Hereinafter this new median filter structure shall be considered in terms of its expenditure and complexity in case of a hardware implementation (e.g. on an ASIC or FPGA).
The bit by bit producing of the median, i.e. the determination of the majority of zeros or ones among the K bits fed-in, is the central block of this structure. A possible strategy for implementing this block, suitable in particular for larger filter lengths K, is based on summation of the bit values (which are each either 0 or 1). If the bit sum is ≧(K+1)/2, then the bit median is 1, otherwise it is 0; the comparison can be implemented via subtraction and subsequent checking for conformity with regard to the sign. The summation of the bits, for instance, can be implemented in graduated parallel form, in which the number of the parallel single adders diminishes and their word length increases from step to step; on the one hand that minimizes the critical path and thus the required passing or throughput transit time and on the other hand keeps the required word lengths and thus the expenditure as low as possible. Minimization of the critical path is particularly important in case a high clock time of the filter is demanded, as the bit by bit producing of the median lies in a recursive loop and, therefore, pipelining must be excluded. For small filter lengths there are special solutions optimized for the used hardware for implementing the bit by bit producing of the median. As an example to be explained next, the filter length is K=5 and the implementation is carried out on a commercially available FPGA, which as a basic module has look-up-tables (LUTs) with four logic inputs and a logic output. In such a case, three of these LUTs are required for the bit by bit producing of the median.
The K identical blocks “bit value to be used” require each only two delayers or delay lines (FIFOs) as well as a very simple logic (in the above example 2 LUTs).
The K shift registers for storing the input values require in many cases (in particular if the word length W is relatively large) considerably higher expenditure than the rest of the filter structure, what speaks in favor of the efficiency of the filter logic. It has to be noted that storing K input values in each median filter is necessary, independent of the structure.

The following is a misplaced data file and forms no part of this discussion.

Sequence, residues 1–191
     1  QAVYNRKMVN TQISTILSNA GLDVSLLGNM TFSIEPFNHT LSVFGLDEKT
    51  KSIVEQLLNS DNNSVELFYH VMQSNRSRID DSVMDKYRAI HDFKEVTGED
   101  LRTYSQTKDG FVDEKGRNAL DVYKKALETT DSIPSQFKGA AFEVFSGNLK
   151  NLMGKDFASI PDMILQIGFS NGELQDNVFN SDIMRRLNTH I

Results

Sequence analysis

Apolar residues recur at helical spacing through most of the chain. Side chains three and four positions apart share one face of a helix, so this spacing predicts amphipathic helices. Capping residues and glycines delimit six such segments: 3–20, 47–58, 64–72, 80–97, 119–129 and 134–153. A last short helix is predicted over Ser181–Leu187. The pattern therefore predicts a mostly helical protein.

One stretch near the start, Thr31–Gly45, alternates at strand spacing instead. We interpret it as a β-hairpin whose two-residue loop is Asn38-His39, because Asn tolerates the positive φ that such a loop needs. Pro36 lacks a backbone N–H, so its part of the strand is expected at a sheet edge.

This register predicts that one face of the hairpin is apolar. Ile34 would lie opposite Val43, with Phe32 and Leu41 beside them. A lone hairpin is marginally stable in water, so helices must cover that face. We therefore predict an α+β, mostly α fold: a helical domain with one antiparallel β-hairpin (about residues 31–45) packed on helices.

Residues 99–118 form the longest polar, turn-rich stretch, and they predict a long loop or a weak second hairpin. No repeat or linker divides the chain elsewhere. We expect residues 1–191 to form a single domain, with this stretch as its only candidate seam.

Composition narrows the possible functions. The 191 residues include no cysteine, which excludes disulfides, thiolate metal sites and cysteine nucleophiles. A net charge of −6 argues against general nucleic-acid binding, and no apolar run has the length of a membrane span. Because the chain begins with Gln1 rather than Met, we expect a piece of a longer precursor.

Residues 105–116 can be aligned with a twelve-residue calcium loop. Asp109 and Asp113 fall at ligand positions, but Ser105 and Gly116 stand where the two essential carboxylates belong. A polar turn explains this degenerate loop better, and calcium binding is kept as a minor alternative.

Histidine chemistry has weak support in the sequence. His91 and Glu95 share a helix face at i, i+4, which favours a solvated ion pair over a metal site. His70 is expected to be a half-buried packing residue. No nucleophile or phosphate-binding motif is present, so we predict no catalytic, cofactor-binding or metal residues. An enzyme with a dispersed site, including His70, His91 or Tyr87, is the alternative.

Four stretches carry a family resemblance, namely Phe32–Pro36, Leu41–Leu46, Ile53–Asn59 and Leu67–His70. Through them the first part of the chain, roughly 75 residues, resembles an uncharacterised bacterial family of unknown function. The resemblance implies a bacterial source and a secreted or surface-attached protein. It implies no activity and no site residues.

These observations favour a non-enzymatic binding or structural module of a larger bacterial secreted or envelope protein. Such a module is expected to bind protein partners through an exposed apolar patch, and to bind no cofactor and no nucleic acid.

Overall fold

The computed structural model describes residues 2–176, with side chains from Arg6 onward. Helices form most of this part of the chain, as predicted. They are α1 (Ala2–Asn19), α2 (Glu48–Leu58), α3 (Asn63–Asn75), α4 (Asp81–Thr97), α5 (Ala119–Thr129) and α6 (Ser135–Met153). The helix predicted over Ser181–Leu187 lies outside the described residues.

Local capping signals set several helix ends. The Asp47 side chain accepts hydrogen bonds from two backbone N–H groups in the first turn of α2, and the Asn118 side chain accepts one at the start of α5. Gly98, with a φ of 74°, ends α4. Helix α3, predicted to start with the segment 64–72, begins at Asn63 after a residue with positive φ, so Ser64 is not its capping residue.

The new median filter is scalable, provided that the bit by bit determination of the median is implemented via summation. Namely, if the filter length K is changed, merely the number of the shift registers being used, the number of the identical blocks “bit value to be used”, the number of the bits to be added up, as well as the value to be compared with the bit sum have to be adapted.
The new median filter structure has the characteristic or feature that the producing of the median for each input value, i.e. each time step n, is restarted completely from the beginning, which means that contrary to the most common structures it does not resort to results of previous time steps; for instance with sorting procedures in general it is started from the sequence determined in the preceding cycle. Due to this feature, the new algorithm for calculating a median is especially suitable for filtering with decimation. For this purpose in the filter structure only the shift registers are to be fed with values in a modified manner. Thus with a decimation by the factor L=2, the two top shift registers are to be fed in parallel with two consecutive input values, and in the coupling of the shift registers one of them is respectively skipped. With a decimation by the median filter length, i.e. L=K, the shift registers are no longer coupled, but are fed parallel with K consecutive input values. With decimation, the clock rate of the input signal x(n) that can be processed at maximum by the filter structure can be increased by the decimation factor L.
For hardware implementation of the digital filter, the new algorithm for calculating the median in many cases leads to considerable reduction of the required expenditure; this mainly depends on the clock rate and on the word length of the input signal, on the degree of decimation, the technology being used and the available logic.
So far only the most common binary fixed point representations (unsigned binary two's complement, one's complement or sign-value representation) have been examined. For other binary fixed point representations, the new algorithm for calculating the median can be described in an analogous manner and also becomes apparent from the following description for more general rank filters.